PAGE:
“The quality of care provided by the team at the hospice was, by any standard, exceptional.” - Ben Lowery
*First Published in 2018
Earlier this year most of the country was covered in a blanket of snow by the Beast from the East. During this time the nurses, health care assistants, doctors and family support team continued to provide care, support and activities to local families.
One patient we cared for this year was Yvonne Lowery, who passed away peacefully in her sleep at the hospice on 2 March. Her husband, Ben, and her beloved Yorkshire Terrier, Emily, were at her side. Ben shared this letter with Eden Valley Hospice.
“Yvonne was an amazing person – she had an unquenchable zest for life. She fought her illness bravely, and was determined to never give in. So, I’m sure you will understand that she was incredibly reluctant to be an in-patient at the hospice because of what this represented in terms of her condition.
“We had been working with the hospice since last summer, after she was diagnosed with the new tumour and was told it was terminal, so she was familiar with the facility and a number of the staff. Even so, when Dr Sundar first suggested that Yvonne should come and stay at the hospice for a few days so the team could get her pain under control, she was very unwilling to entertain the idea.
“Nevertheless, on the day of admission, Yvonne was still very nervous, not really knowing what to expect.
“It is a credit to the hospice ward staff who were all so approachable and friendly that, within an hour of arriving, Yvonne felt fully at home and she was sitting up in bed beaming at all the staff as they came in to introduce themselves.
“Although she was only with the hospice for four days before she passed away, it was obvious that the staff had developed a real affection for Yvonne.
“The quality of care provided by the team at the hospice was, by any standard, exceptional. I say this as someone who has been on a 14-year journey with Yvonne since her first cancer diagnosis and through all her treatment in ‘regular’ NHS hospitals in Cumbria and Newcastle. Whilst we experienced a lot of good, even great, care by the NHS I can honestly say that none of the many hospital teams achieved the level of care provided by the hospice team.
“The level of professionalism and capability of the staff is a given and was never less than excellent. However, what makes the hospice so very special is almost impossible to define in words. There’s a real sense that all the staff are working seamlessly together with the same aim – to provide the best possible care at all times for the patients. When I say “all the staff” I mean the entire hospice team, from receptionists, kitchen staff and cleaners through to the medical staff and all the other functions.
“This holistic and compassionate approach to care pervades the hospice – it’s an invisible yet deeply felt atmosphere of warmth, love and gentle humour that I sense every time I’m in the hospice. Nothing is ever too much trouble; no request is ever dismissed out of hand. If help can be given, it is – without fuss. If a request is unreasonable, a full explanation is given and alternative options are suggested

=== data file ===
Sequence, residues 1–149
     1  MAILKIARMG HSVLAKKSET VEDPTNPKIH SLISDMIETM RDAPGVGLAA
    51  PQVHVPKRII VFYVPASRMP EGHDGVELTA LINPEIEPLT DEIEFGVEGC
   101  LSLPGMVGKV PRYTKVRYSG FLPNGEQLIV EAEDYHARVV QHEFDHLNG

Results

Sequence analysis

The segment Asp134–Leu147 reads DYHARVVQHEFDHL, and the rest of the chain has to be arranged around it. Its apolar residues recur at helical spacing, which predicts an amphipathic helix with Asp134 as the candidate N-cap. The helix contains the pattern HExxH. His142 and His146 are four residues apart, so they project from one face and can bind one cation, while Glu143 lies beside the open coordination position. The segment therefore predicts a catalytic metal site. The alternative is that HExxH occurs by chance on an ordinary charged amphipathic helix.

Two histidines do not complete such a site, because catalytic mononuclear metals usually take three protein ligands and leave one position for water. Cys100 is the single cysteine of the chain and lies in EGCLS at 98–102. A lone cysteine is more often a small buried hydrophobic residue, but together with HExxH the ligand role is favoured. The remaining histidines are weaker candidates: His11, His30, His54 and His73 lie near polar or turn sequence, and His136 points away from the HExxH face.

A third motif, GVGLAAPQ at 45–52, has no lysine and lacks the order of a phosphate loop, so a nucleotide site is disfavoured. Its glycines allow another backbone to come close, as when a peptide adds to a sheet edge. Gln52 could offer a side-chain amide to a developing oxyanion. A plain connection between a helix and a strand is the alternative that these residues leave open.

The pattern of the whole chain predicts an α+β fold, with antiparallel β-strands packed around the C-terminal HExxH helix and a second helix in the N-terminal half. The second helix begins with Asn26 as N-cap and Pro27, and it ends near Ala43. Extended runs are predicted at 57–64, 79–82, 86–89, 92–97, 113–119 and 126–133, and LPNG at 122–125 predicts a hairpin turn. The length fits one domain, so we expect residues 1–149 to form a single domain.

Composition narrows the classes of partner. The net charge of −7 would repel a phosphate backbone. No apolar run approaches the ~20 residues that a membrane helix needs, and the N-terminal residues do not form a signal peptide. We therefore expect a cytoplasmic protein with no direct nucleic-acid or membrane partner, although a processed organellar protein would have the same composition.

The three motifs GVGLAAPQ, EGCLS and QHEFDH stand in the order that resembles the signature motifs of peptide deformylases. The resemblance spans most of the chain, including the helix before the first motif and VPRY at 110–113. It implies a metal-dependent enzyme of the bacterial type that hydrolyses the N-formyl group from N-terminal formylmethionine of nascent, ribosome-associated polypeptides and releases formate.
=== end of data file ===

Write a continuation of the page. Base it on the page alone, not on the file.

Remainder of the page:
“In the days that Yvonne was with the hospice, her pain and agitation increased unbelievably quickly. For the last couple of days, she was unconscious and it fell to myself and Yvonne’s sister, Helen, to buzz for help when Yvonne was showing signs of pain and distress. I am still amazed at how responsive and helpful the medical team were.
“There wasn’t a single occasion when I was told that there wasn’t anything else that could be done for Yvonne’s suffering. The staff were always able to do something, whether that was giving her additional medication or simply moving her in bed so she was more comfortable.
“It is this holistic and patient centred approach to care which truly impresses me. The feeling that every member of the team (paid and voluntary) cares about the patients and is working to ensure the high standards of treatment and wellbeing is provided at all times.
“I should also point out that I noticed and was incredibly grateful for the attention and care given to myself and Yvonne’s sister and brother-in-law at what was clearly a difficult time for us. Whilst the staff always had Yvonne’s care as their number one priority (quite rightly so), they always took the time to check that we were ok, too. I always felt fully included in Yvonne’s care and the staff always took the time to explain what treatment was being carried out and why.
“It is also worth noting that Yvonne was in the hospice during the heavy snowfall at the very end of February and the beginning of March. The dedication of the staff in battling to get to work and sleeping over at the hospice to ensure care was provided impressed me deeply. Although the hospice was inevitably running on reduced staffing levels, I never felt that the essential frontline care which Yvonne needed was compromised in any way.
“So, thank you again to the hospice team. I am so grateful that Yvonne was able to spend her last few days in such a wonderful place surrounded by amazing, unsung heroes. She passed in a dignified manner surrounded by love.”
Eden Valley Hospice and Jigsaw would like to thank everybody in the local community who provided and offered help during the snowy conditions in February and March. Your kindness, support and generosity is appreciated by everybody at the hospice. Thank you.
The kindness, support and generosity of Yvonne’s family, friends and loved ones has helped to raised over £3,000 in aid of Eden Valley Hospice. Yvonne’s funeral collection raised over £1,400, whilst a family friend, Richard Elliott, has raised £1,965 after completing the Marathon des Sables in April.